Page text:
The rise of "in-yer-face" drama took a play with three asterixes in the title to the newly-christened Gielgud Theatre on Shaftesbury Avenue. Mark Ravenhill's capacity to shock in Shopping and F---ing (1996) was never wholly divorced from a less appealing streak of puritanism. Blasted, the play that catapulted Sarah Kane to fame in 1995, played in a 60-seat theatre: a smaller seating capacity, that is, than a a double-decker bus. According to a recent poll of 5,000 young people in other countries, Kane became, after her death, the best-known British writer after Shakespeare. There was a surge in Irish drama, led by Sebastian Barry with The Steward of Christendom and Conor McPherson's The Weir (1997), the generosity and humour of which marked him out as a talent that would last. There was a surge in "Ooirish" drama too. After the excitement of The Beauty Queen of Leenane, Martin McDonagh's prolific output ended up feeling as authentic as the themed pub in your high street. With trademark black cardies, dying embers and bottles of poteen, Ooirish drama was another world from the Ireland that had one of the fastest growing economies in Europe.

There was always the fear with "new writing", lovingly nurtured in tiny venues, that it wouldn't have the sheer verve and and ambition to compete in the bigger theatres up against Ben Elton's Popcorn or Patrick Marber's Closer. They had West End Material stamped all over them. Producers in the 1990s waited in vain for a West End play by Stephen Fry or Richard Curtis or Emma Thompson. The most successful play of the decade, Art (1996), was written by a woman, Yasmina Reza, and incorrectly dismissed by a number of male critics as philistine. In North London, the Almeida set up a rival National Theatre presenting a tremendous range of drama - including Racine in the West End. The message was, the barmier the programming seemed, the greater its chance of success. The Tricycle Theatre unearthed a rich and authentic vein of dialogue with their meticulous stagings of transcripts about Nuremberg, Srebenica and the Stephen Lawrence inquiry.

Most worrying was the development of what might be called Short-Change Theatre. This involved casting a leading film actor in a revival - Nicole Kidman, Cate Blanchett, Juliette Binoche or Liam Neeson - and drawing in a whole new audience to the theatre only for that new audience to discover that the film star wasn't as good on stage as he or she was on film. Only Kevin Spacey in The Iceman Cometh (1998) was superb in both media. British theatre's greatest asset is its 8,000 actors - the range and depth is extraordinary - and theatre serves itself most when it gives the best stage roles to the best stage actors.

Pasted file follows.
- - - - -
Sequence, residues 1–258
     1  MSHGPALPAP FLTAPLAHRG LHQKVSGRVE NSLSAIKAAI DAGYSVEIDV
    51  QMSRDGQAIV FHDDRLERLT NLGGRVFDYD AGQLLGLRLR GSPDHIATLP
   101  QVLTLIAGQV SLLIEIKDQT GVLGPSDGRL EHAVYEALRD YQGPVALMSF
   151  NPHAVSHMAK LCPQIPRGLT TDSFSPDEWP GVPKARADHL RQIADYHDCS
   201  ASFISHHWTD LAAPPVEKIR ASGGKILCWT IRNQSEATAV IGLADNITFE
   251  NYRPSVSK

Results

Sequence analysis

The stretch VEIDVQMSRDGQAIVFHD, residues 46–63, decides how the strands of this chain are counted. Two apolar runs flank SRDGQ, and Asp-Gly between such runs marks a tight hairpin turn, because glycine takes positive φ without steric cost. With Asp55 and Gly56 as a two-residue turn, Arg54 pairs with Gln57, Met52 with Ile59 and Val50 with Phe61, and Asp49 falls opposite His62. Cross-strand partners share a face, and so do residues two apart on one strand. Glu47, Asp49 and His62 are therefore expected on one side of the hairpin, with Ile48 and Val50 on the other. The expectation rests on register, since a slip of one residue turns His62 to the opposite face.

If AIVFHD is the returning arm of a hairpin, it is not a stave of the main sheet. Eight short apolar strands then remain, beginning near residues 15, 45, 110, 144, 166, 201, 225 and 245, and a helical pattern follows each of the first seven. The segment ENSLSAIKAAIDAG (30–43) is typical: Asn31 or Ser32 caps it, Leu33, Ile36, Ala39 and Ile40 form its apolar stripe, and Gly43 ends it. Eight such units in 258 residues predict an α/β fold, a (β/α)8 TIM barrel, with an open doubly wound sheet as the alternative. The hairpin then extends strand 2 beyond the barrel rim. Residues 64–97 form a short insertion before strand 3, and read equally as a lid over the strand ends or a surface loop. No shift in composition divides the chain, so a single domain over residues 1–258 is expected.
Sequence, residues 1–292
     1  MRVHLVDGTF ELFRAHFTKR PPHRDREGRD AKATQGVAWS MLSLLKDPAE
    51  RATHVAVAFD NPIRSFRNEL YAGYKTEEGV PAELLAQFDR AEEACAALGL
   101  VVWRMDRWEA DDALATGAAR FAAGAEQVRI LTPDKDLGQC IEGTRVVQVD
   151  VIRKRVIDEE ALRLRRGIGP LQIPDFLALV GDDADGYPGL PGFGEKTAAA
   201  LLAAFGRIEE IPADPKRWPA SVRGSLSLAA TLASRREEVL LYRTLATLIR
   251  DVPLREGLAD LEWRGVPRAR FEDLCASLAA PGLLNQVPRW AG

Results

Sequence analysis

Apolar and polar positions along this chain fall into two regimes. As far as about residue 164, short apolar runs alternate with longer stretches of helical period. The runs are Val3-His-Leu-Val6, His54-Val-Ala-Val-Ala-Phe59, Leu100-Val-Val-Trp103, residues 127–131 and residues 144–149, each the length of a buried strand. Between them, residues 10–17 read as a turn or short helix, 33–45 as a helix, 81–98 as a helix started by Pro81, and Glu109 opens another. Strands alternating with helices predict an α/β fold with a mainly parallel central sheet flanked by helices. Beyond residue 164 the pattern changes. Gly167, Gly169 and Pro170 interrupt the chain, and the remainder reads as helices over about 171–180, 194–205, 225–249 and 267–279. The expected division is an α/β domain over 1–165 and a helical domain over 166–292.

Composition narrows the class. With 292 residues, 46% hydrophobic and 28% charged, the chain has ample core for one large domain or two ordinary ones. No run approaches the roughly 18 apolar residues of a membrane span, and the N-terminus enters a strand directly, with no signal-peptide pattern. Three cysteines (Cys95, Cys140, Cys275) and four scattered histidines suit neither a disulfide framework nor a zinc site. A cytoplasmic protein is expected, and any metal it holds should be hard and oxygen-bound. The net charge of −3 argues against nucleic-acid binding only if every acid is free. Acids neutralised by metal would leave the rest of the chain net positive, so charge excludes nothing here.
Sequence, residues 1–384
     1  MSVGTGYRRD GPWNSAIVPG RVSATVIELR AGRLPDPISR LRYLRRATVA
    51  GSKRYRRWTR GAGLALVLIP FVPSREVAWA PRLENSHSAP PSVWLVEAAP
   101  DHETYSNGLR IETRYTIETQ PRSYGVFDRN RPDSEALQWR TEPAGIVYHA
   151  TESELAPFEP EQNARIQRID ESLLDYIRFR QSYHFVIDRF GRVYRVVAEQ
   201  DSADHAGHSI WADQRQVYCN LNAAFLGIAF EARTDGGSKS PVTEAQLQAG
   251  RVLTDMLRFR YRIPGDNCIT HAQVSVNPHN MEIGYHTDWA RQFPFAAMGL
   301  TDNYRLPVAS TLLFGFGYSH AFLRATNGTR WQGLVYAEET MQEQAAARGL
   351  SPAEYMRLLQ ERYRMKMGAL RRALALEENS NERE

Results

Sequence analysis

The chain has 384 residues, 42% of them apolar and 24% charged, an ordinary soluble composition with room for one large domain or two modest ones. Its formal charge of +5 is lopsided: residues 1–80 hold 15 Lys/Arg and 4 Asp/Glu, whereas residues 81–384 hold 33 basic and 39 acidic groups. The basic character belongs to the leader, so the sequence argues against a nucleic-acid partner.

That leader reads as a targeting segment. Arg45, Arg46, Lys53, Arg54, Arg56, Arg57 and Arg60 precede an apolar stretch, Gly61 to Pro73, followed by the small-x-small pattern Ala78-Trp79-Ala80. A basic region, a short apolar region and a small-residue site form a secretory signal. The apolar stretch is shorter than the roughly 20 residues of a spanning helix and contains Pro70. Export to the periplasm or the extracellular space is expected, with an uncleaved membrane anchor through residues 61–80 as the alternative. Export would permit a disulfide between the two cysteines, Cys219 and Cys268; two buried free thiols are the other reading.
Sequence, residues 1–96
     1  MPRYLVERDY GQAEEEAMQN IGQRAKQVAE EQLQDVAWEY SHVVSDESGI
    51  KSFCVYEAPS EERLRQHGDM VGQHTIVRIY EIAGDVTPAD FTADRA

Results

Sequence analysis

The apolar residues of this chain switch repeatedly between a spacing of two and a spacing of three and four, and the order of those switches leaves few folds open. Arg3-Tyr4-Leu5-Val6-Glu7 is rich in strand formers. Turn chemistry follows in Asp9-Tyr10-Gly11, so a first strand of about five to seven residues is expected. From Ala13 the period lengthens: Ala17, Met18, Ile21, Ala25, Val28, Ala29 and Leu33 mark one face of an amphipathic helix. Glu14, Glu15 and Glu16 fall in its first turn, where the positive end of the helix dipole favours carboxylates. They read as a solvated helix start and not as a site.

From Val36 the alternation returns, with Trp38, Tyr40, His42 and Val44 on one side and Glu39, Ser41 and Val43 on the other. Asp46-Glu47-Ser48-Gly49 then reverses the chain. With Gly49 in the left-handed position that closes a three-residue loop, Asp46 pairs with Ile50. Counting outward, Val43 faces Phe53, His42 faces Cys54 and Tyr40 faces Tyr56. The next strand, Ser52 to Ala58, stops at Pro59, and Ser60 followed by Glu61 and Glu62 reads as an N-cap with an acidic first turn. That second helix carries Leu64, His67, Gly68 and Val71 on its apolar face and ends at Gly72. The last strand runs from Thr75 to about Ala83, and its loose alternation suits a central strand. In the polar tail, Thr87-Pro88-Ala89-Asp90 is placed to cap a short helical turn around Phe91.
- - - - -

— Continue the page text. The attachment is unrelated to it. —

Tarantino brought rhetoric and male banter back into fashion (see Jez Butterworth's Mojo). Sexual orientation, drugs, the Holocaust and child abuse were recurrent themes - often a combination of these. The Balkans was a frequent backdrop in classical revivals. Many of the issues that preoccupied the broadsheets - the debates over national identity, the food crisis, the population explosion, Northern Ireland, climate change, animal rights, genetics, the arms industry, the rise of republicanism, women and work, and new types of parenthood went relatively unexplored. Britain had no Ibsen. And very little taste for journalism. Meanwhile every other dramatist was working on a new "version" - but very rarely, actually, a new "translation" - of a play by Chekhov.



No one got home from David Mamet's play without first having an argument with their date.


Katie Mitchell directed Euripides with an urgency and simplicity that was also richly textured and contemporary.


Richard Eyre's glorious revival of his revival.

1996 ART

Yasmina Reza's play with a cast of three that kept changing in suprising ways.


Adrian Lester brought zen-like cool to Sondheim.


David Hare's new version with Ralph Fiennes at the helm.


Patrick Marber put cyber-sex on stage.


Michael Frayn's thrilling piece of detective work.


Hollywood star Kevin Spacey revealed himself to be one of the great company

performers in Howard Davies's production.


Henry Goodman is spellbinding as Shylock, in the highlight of Trevor Nunn's ensemble season. RB